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You Might Want the DNA of a Skateboarder

I love following the action sports industry. After being immersed in that business several years ago (and while also being a surfer and skier), I miss its creative energy.

Additionally, I’ve always believed that the industry’s companies (i.e. DC Shoes, Burton Snowboards, Volcom, etc.) can teach us a lot about innovation.

There are a several reasons for this.

First, the people who lead them are natural experimenters, artists and risk takers. They’re iconoclasts. Since most action sports associates grew up skateboarding, snowboarding or surfing, they are accustomed to independence, personalization, and daring new “tricks.” The concepts of play and self-expression come natural to them, which are essential when creating – or stumbling upon – novel ideas.

Ever watch a skateboarder for 5 minutes? He’s the master of trying something new, falling down and trying again. And again. And again. ‘Til he gets it right.

Additionally, there’s a brotherhood within and among action sports company associates. They’re more prone to share ideas within their communities, and to a degree, with competitors. In fact, I’d classify the relationship among companies as more of a coopetitive situation than a competitive situation. This is crucial for fostering a community of fresh thinking.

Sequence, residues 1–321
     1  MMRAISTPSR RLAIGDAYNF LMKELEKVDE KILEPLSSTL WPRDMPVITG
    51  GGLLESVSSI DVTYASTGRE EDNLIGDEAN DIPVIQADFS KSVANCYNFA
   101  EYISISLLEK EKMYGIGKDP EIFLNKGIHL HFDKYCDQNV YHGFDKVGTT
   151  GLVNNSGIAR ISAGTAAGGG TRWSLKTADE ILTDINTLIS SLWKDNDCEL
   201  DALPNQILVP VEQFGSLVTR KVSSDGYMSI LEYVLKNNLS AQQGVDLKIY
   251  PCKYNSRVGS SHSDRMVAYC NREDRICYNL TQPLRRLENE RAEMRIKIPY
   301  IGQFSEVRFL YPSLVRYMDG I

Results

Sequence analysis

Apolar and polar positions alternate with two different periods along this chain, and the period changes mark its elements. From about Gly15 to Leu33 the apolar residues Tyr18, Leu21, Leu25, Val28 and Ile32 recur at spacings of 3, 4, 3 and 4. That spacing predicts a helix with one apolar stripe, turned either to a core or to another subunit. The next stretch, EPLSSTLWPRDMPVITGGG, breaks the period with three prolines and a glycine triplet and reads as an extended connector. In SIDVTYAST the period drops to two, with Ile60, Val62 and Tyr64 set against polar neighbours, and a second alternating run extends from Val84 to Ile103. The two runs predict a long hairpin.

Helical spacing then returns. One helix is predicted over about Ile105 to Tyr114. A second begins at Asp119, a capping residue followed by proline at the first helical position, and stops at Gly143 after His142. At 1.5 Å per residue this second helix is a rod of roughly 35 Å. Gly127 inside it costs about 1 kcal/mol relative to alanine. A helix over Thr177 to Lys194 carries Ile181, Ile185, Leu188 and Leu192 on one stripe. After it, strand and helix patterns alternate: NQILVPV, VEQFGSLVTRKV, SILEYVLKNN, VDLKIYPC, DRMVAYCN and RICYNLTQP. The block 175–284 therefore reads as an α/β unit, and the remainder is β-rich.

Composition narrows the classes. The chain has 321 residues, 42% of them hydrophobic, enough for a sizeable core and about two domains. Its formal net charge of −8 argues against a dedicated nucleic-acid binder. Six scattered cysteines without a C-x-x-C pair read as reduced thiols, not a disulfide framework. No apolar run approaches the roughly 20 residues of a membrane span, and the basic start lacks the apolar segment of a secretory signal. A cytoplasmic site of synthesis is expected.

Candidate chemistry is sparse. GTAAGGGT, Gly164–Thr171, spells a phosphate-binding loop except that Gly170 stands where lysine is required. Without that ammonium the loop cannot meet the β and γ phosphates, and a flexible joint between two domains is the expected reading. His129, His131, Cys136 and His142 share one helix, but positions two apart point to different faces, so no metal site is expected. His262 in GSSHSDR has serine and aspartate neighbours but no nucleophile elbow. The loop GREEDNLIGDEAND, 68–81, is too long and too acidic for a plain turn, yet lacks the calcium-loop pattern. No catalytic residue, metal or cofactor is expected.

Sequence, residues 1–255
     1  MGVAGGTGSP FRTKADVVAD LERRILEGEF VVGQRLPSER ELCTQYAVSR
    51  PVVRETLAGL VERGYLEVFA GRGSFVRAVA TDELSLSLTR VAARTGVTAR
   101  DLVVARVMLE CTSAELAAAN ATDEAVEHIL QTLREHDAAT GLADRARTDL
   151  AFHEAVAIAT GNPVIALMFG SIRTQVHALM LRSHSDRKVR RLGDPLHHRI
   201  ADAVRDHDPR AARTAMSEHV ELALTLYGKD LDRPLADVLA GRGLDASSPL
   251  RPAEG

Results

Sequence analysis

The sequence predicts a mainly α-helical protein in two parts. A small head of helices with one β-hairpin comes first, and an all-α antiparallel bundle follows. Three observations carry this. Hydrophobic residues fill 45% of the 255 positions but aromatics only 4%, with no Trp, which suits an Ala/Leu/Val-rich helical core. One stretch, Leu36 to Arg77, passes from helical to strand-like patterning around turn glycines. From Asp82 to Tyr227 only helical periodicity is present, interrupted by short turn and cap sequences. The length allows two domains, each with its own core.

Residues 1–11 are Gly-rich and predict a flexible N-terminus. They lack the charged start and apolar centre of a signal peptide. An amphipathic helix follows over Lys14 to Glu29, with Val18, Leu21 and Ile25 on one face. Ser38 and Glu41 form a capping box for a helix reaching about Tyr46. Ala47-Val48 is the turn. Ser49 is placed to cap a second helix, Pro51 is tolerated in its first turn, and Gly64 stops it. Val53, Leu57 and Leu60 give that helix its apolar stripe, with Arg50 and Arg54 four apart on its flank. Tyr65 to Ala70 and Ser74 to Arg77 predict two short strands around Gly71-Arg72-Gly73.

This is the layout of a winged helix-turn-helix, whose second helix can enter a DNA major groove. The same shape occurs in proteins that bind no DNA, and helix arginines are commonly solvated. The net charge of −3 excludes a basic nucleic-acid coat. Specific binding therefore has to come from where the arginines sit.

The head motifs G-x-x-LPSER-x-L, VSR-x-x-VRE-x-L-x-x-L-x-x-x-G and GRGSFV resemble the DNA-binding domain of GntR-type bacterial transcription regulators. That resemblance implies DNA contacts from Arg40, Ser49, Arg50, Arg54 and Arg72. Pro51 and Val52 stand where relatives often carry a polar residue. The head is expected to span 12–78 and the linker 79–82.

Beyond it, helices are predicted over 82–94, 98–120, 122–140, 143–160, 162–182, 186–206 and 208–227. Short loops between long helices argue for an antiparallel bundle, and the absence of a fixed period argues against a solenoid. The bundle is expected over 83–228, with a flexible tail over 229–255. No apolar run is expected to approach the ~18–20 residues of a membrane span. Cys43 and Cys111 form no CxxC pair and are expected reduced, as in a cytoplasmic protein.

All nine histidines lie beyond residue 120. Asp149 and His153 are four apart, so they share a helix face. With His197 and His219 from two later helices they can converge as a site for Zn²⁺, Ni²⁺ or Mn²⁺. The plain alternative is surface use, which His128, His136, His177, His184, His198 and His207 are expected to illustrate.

Finally, action sports associates are highly passionate about what they do. They’re more deeply engaged in their work. There’s little disconnect between who they are and what they do. As a result, new product and marketing ideas come more freely and often.

What do you think?

What other industries teach us about innovation? What factors contribute to that industry being innovative?

About the author, John

John Benzick is an entrepreneurship coach and the founder of Venture Superfly. He is a Tech Partner at the venture-capital fund of Matchstick Ventures, a Mentor with Techstars Retail accelerator, an Entrepreneur-In-Residence and (former CEO-in-Residence) at the University of Minnesota, and founder and owner in two consumer product businesses. Click the button below to learn more.

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